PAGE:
In TensorFlow we get everything ready for us. It takes care of the mathematical part for us. But to a lot of extent, we can take control of the mathematical part as well. In this article, I explained how to perform some operations the basic building blocks of TensorFlow which is Tensors before. Today we will work on the GradientTape that does the differentiation part. So even if it gives a lot of flexibility in the mathematical operation, still you don’t have to do the basic math by yourself!

Let’s do some hands-on exercises. First import TensorFlow and create a Tensor of ones of 2×3 shape.

```
import tensorflow as tf
x = tf.ones((2, 3))
x
```

Output:

```
2, 3), dtype=float32, numpy=
array([[1., 1., 1.],
[1., 1., 1.]], dtype=float32)>
```

The sum of the elements in x is 6. If we want to do that programmatically:

```
y = tf.reduce_sum(x)
y
```

Output:

`6.0>`

First, let’s do the differential manually to refresh the process in our mind and then I will show you how to do that using GradientTape

Taking the square of the y and creating another variable z:

Finally, if take a differential of z with respect to x:

As x is 2 x 3 matrix, it will be applied in all the positions if you take differential with respect to x.

Here is how to do this using GradientTape in TensorFlow:

```
from tensorflow.python.eager.backprop import GradientTape
with tf.GradientTape() as t:
t.watch(x) #keep track of the x
```

y = tf.reduce_sum(x) #sum up the elements in x which is 6
z = tf.square(y) #square of y
dz_dx = t.gradient(z, x) #taking the differential z with respect to x
print(dz_dx)
Output:

```
tf.Tensor(
[[12. 12. 12.]
[12. 12. 12.]], shape=(2, 3), dtype=float32)
```

Now we can try it with a more complex equation:

`x = tf.constant(2.0)`

with GradientTape() as t:
t.watch(x)
y = 2*(x**3) + 5*(x**2) + 3*x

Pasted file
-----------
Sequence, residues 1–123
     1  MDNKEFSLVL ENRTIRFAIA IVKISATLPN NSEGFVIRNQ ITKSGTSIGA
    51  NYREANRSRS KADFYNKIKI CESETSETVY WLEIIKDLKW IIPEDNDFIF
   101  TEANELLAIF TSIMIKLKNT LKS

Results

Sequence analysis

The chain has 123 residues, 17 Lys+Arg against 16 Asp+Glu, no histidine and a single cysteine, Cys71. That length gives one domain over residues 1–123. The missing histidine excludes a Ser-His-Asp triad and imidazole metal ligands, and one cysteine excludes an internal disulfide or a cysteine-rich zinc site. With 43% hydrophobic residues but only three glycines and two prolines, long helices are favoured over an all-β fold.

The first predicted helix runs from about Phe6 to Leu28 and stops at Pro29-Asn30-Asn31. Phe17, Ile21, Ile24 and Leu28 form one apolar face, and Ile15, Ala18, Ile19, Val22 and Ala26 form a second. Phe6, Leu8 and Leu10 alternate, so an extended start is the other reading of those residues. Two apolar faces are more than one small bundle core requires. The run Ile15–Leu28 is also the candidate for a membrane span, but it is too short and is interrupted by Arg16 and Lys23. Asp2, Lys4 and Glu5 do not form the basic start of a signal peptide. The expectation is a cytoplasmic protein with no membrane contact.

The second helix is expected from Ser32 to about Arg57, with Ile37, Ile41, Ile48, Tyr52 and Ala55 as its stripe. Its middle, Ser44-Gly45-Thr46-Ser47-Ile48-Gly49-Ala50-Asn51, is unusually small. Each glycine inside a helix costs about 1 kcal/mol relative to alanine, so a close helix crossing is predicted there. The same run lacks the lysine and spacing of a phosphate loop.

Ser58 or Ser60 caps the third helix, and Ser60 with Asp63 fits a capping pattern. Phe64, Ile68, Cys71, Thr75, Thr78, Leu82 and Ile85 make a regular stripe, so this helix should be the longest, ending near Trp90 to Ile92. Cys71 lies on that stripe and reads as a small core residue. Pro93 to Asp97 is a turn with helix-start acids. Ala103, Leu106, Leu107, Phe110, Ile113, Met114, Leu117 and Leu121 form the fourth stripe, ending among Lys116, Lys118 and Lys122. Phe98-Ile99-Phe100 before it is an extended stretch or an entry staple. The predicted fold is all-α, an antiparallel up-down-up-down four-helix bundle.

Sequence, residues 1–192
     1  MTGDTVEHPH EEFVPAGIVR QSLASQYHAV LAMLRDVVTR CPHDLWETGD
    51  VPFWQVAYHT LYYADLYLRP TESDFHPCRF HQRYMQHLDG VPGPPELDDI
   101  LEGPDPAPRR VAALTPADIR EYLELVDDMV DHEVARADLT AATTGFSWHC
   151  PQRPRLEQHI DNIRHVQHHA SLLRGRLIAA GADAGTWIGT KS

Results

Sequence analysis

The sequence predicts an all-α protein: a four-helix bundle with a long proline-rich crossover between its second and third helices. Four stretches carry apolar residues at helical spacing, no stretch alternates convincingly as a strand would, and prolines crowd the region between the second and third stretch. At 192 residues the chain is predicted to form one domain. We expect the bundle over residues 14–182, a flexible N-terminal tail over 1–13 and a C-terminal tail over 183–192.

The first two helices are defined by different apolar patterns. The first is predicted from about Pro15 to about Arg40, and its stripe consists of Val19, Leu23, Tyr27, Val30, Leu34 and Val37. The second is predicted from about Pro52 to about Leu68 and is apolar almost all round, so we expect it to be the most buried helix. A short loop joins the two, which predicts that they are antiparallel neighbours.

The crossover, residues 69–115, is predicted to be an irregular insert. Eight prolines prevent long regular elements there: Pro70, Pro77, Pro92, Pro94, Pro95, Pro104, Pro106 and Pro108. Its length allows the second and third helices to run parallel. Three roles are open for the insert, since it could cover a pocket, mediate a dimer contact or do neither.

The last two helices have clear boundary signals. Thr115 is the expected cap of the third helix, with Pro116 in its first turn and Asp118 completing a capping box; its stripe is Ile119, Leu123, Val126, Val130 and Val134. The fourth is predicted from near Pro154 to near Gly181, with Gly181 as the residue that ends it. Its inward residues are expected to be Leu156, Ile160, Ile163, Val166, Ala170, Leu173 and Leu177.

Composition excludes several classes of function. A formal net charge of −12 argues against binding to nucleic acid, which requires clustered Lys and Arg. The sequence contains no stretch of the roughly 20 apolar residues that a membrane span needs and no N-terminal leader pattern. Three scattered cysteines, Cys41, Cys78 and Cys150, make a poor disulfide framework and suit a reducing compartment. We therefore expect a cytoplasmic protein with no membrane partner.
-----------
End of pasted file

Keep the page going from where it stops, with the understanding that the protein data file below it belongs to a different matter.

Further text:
dy_dx = t.gradient(y, x)
print(dy_dx)
Output:

`tf.Tensor(47.0, shape=(), dtype=float32)`

This was just one simple differential. What is we need to take double differentiation? That is also possible.

`x = tf.Variable(2.0)`

with tf.GradientTape() as t1:
with tf.GradientTape() as t2:
y = 2*(x**3) + 5*(x**2) + 3*x
dy_dx = t2.gradient(y, x)
d2y_dx2 = t1.gradient(dy_dx, x)
print(dy_dx)
print(d2y_dx2)
Output:

```
tf.Tensor(47.0, shape=(), dtype=float32)
tf.Tensor(34.0, shape=(), dtype=float32)
```

One last thing to share in this tutorial. GradientTape we called before can be used only once. Once you run the code that GradientTape is done. You cannot use it again.

For example, if I run the GradientTape again like this:

```
z = tf.reduce_sum(dy_dx)
dz_dx = t.gradient(z, x)
```

I get a runtime error like this:

```
RuntimeError Traceback (most recent call last)
<ipython-input-13-5a6319a58377> in 2>()
1 z = tf.reduce_sum(dy_dx)
----> 2 dz_dx = t.gradient(z, x)
```

/usr/local/lib/python3.10/dist-packages/tensorflow/python/eager/backprop.py in gradient(self, target, sources, output_gradients, unconnected_gradients)
1001 “””
1002 if self._tape is None:
-> 1003 raise RuntimeError(“A non-persistent GradientTape can only be used to ”
1004 “compute one set of gradients (or jacobians)”)
1005 if self._recording:
RuntimeError: A non-persistent GradientTape can only be used to compute one set of gradients (or jacobians)
For that you need to “use persistent=True” in the GradientTape call. Here is the example:

`x = tf.constant(2.0)`

with GradientTape(persistent=True) as t:
t.watch(x)
y = 2*(x**3) + 5*(x**2) + 3*x
z = y*y*y*y
dy_dx = t.gradient(y, x)
print(dy_dx)
Output:

`tf.Tensor(47.0, shape=(), dtype=float32)`

This time we can perform the differentiation again using the same GradientTape we just called:

```
dz_dy = t.gradient(z, y)
dz_dy
```

Output:

`296352.0>`

#### Conclusion

Hopefully, it was a good learning experience for you if you haven’t known it already. In my next article, I will explain how to use it to solve a problem.